and what they accomplish in their lives.

    Reply
  4. Jonell Restivo

    Perry,

    You made me laugh with your intro when you apologized if you offended anyone saying it wasn’t the first and wont be the last time either. Then you needed to get back to the story because you digressed, now you sound like me.

    You asked what was the point of telling this story. The point is that we are all on our own individual journey that takes us down uncharted paths, many without a clear destination as some other pathways are for someone else.

    Its not a life thats less important or easier either, but more challenging and difficult because its not as defined and needs to be directed and refined each step of the way. I, like Zak, can only create a future by taking one step at a time without the pig picture as a goal.

    But what Zak has is a powerful support system, his loving family and with their strength and guidance he will have the ability to cut his own path and make his own gratifying way.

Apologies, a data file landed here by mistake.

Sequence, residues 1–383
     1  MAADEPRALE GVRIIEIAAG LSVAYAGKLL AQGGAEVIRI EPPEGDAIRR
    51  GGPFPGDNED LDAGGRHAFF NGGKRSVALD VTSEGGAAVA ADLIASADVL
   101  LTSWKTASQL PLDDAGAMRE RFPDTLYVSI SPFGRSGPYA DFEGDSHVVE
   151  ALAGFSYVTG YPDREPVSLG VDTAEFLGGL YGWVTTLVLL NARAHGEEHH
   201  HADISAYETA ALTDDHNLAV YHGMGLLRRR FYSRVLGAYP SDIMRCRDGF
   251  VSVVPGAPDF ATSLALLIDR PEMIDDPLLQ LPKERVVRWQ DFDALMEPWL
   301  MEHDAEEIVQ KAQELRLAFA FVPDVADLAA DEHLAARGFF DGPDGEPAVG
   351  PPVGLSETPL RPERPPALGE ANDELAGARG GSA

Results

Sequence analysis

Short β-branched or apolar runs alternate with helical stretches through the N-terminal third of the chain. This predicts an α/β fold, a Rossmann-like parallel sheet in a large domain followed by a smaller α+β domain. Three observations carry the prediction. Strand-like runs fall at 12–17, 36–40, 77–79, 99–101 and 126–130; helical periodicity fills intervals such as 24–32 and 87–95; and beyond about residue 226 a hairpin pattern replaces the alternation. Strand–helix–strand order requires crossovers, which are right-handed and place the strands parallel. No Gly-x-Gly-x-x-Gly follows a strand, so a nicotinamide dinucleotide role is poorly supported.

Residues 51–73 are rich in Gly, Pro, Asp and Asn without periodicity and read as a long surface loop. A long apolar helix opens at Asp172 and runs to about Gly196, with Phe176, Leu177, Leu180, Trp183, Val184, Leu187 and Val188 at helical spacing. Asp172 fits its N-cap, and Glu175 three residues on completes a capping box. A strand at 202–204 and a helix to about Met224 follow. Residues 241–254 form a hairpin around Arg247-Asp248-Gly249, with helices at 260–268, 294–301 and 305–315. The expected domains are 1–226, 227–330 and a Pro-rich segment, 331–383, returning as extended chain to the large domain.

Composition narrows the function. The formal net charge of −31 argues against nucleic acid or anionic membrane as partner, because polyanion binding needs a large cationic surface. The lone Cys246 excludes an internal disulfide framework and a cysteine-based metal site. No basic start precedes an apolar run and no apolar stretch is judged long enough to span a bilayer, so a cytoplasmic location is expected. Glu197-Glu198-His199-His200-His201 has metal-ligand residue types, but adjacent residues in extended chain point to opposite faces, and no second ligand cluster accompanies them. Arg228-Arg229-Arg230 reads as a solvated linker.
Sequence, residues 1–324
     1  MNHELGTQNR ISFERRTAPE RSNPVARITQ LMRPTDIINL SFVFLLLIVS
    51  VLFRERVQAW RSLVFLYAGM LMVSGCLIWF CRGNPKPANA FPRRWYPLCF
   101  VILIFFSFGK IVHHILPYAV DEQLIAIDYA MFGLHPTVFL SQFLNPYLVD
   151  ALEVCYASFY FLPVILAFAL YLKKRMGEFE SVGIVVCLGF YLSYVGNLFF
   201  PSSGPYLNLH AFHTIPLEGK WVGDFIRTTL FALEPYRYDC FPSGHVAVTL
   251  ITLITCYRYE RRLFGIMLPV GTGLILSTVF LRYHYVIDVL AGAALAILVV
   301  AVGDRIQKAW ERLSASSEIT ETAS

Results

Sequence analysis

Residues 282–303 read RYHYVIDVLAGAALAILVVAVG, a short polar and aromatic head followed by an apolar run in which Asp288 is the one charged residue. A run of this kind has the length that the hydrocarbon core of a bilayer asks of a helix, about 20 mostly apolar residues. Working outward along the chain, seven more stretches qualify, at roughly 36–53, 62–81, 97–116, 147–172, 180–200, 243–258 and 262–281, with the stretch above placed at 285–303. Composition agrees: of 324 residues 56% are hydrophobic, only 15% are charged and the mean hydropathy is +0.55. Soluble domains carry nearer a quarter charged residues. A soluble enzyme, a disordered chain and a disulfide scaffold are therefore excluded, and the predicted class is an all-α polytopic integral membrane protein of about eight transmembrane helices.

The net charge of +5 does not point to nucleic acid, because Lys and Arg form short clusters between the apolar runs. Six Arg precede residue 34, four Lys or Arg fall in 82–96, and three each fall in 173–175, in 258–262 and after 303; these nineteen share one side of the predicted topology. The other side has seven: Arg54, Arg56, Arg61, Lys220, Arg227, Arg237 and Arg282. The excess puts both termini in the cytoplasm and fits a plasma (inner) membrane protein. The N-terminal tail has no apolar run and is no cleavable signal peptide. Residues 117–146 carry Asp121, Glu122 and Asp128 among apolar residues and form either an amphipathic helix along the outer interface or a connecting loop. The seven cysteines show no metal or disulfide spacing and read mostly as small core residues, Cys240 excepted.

I know because I have been on a life journey without a predetermined destination. a wanderer who had no support system and managed to get this far. What tomorrow holds for me is still fluid and changes sometimes from one moment to the next.

    There are so many organizations and privately funded programs that help people like us who need to be faced in the direction that will provide productive results.

    Perry we had this discussion only the other day how overwhelmed I became Sunday at the hockey rink seeing so many children who were on successful paths from a young tender age, now reaping the rewards of well thought out and planned futures. The exact thinking you were trying to express earlier in your story.

    Its the journey that builds the character required to survive its twists and difficult turns life throws before us, that makes us who we finally become.

    You did a good and noble act being the mensch that you are with a heart of gold, with some rough edges that makes you unique and ever so special, at least to me. Bravo my dear friend.

    Reply
  5. mark schneider

    Dear Perry,